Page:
Ballooning costs on a grand scheme to build a high-speed railway from San Francisco to Los Angeles has led California’s new governor Gavin Newsome to cut off the ends of the line and restrict it to the Central Valley, where work is already under way.
Instead of linking two metropolises, it will now be a commuter line between the smaller cities of Merced and Bakersfield.
The governor announced his decision during his state of the state address in the state capital of Sacramento. He said it was prompted by the ballooning costs of the project, which was originally expected to cost $32bn and be open in 2029. It is now expected to cost at least twice as much and open in 2033.
The network as originally envisaged (California Government)
Newsome said he shared the enthusiasm of previous governors for the scheme, but said: "There’s no doubt that our state’s economy and quality of life depend on improving transportation. But let’s be real. The project, as currently planned, would cost too much and take too long. There’s been too little oversight and not enough transparency.
"Right now, there simply isn’t a path to get from Sacramento to San Diego, let alone from San Francisco to LA. I wish there were. However, we do have the capacity to complete a high-speed rail link between Merced and Bakersfield."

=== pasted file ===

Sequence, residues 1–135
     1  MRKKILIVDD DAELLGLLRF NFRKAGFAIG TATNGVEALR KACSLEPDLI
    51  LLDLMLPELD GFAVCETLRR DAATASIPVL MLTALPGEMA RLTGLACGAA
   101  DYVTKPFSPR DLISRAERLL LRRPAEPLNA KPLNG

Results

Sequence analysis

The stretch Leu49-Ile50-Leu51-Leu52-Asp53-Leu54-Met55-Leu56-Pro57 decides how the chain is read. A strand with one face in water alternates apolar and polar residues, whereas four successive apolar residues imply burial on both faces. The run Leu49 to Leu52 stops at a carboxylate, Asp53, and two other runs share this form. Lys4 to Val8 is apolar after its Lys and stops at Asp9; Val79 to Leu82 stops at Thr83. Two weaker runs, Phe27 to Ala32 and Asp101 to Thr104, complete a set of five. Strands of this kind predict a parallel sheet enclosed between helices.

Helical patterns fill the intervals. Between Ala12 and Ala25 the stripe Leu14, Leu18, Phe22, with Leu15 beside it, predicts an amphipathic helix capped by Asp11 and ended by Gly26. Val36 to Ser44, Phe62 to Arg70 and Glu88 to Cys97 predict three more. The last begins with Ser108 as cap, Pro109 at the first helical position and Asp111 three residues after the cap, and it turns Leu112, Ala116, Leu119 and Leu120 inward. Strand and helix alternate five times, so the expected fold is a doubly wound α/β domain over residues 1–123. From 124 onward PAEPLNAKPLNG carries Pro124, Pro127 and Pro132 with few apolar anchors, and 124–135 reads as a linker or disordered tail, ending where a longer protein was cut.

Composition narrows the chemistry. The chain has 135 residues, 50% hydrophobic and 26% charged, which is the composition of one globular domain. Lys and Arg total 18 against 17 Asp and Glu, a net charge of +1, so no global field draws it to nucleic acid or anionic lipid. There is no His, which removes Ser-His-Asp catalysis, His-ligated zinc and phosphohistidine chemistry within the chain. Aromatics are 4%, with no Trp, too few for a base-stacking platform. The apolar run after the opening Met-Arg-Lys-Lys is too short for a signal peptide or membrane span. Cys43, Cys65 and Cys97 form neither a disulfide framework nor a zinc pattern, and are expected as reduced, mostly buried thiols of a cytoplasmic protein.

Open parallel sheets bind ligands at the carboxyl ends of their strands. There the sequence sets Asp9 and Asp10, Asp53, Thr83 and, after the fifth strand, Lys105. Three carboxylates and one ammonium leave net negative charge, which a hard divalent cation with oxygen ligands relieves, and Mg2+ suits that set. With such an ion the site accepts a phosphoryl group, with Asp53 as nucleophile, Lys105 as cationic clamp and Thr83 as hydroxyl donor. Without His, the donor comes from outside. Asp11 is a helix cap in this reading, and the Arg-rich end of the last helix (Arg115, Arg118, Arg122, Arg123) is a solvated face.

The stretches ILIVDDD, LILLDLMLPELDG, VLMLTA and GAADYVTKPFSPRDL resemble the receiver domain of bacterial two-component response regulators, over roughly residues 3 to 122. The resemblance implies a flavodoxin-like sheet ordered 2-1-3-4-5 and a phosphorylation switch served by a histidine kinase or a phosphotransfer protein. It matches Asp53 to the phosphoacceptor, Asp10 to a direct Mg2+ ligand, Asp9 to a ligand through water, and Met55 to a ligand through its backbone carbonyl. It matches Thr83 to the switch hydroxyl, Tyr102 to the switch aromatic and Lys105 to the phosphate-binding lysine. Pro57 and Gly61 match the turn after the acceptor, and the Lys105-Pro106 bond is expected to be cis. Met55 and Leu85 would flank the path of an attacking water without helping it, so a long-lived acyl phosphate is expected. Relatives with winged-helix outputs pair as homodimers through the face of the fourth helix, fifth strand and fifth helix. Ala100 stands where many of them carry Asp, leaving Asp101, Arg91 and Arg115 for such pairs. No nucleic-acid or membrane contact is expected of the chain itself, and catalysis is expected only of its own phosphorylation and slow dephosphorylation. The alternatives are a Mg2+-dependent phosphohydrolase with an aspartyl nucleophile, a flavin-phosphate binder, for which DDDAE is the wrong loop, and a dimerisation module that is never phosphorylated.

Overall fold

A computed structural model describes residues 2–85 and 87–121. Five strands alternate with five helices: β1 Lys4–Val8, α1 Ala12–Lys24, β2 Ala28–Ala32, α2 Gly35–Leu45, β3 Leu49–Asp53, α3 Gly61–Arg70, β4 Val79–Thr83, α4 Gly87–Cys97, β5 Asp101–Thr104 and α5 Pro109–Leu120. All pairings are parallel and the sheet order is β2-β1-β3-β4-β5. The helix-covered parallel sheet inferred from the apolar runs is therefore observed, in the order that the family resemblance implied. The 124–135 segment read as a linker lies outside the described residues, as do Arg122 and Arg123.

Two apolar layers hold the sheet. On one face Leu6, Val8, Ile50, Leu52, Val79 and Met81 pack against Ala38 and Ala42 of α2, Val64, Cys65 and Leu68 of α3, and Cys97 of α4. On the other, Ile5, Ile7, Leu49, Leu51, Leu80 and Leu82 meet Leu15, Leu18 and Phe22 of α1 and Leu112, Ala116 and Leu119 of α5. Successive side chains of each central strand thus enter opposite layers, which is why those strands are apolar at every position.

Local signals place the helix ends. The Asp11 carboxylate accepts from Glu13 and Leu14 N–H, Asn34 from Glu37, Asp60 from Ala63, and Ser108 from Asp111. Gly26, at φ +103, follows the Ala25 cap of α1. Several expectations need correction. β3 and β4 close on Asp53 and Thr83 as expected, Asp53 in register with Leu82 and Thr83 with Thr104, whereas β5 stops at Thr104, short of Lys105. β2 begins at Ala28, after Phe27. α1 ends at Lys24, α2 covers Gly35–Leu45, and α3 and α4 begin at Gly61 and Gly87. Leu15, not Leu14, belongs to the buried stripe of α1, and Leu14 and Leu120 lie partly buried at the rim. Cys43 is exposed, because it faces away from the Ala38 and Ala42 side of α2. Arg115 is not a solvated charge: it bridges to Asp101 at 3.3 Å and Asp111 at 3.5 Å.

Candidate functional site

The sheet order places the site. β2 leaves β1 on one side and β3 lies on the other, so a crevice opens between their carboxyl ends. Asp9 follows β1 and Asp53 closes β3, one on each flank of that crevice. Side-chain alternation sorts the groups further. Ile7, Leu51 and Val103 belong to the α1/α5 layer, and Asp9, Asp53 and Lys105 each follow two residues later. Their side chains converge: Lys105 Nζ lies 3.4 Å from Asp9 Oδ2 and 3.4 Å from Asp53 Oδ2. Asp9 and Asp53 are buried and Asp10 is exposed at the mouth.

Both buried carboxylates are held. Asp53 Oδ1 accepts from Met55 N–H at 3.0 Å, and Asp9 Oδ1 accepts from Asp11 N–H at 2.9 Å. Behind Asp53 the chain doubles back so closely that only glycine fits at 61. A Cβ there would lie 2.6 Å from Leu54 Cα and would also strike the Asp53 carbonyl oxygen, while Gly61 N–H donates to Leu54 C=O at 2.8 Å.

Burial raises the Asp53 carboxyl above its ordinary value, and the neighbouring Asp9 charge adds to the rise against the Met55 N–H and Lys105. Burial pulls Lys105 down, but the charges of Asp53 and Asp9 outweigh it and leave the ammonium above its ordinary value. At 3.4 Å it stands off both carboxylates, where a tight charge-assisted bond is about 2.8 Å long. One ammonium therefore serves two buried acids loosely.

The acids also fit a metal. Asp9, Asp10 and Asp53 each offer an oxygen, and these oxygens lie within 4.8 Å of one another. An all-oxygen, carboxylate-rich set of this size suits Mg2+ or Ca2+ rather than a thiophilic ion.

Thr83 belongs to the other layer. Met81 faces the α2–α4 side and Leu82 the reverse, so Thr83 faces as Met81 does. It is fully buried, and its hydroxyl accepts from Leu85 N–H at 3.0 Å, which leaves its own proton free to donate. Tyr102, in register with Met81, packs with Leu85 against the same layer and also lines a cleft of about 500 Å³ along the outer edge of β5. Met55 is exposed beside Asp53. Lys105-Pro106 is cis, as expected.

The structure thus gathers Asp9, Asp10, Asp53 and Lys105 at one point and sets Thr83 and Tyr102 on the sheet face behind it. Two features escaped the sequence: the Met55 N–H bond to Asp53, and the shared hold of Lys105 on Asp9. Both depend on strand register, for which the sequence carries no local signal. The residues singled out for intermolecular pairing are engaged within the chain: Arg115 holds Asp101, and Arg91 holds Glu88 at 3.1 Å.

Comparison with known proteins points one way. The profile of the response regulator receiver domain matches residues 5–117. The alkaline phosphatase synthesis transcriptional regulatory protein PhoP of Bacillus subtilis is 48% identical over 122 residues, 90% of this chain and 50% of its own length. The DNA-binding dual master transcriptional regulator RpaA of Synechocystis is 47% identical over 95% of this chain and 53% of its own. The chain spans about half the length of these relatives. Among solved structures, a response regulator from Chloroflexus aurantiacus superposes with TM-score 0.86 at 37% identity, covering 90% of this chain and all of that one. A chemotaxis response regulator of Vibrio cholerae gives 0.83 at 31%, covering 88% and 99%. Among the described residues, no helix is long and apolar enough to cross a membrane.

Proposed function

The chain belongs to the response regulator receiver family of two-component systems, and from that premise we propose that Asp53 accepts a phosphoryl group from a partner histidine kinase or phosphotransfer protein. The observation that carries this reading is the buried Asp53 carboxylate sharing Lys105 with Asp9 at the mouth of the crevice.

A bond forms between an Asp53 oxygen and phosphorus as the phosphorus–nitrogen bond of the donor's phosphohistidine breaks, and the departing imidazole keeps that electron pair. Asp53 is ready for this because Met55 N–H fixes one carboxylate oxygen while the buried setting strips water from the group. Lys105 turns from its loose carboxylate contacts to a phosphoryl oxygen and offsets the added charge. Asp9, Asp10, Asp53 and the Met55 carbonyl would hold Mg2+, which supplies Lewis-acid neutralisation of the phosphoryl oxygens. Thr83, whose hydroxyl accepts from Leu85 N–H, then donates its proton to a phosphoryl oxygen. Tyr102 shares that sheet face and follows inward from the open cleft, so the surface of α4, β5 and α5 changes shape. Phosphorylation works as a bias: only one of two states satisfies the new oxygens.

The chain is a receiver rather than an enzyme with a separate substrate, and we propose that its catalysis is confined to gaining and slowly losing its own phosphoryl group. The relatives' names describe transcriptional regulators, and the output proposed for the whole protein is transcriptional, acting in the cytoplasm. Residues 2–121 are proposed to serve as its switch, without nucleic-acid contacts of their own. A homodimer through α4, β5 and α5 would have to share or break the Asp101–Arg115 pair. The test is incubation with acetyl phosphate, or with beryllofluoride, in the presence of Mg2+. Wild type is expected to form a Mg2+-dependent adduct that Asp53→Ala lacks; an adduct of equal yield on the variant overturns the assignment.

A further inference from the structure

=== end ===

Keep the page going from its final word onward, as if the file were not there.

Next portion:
The governor’s decision means that these two cities, which are 260km apart, will have extraordinarily good communications, but neither are large population centres. Newsome acknowledged that some would call this a "train to nowhere" but said that was "wrong and offensive", as it would cut congestion and pollution in the Central Valley.
Californian Republicans called for the project to be scrapped altogether. Jeff Stone, a state senator, said: "He admitted it has been a failure, but he committed to keep spending billions on the failed project a Central Valley commuter train. That’s not what people were promised, and the project should be killed outright."
However, Newsome dismissed this option in his speech, saying "abandoning high-speed rail entirely means we will have wasted billions of dollars with nothing but broken promises and lawsuits to show for it".
He also left the door open to the completion of the full scheme at a later date, and promised to continue pursuing federal and private-sector funding for the larger project.
Responding to the governor’s speech, Brian Kelly, the chief executive of the California High-Speed Rail Authority, put a brave face on the situation. He said: "The governor has called for setting a priority on getting high speed rail operating in the only region in which we have commenced construction – the Central Valley. We are eager to meet this challenge and expand the project’s economic impact in the Central Valley."
Top image: California’s politicians sign the system’s first rail in 2015 (CHSRA)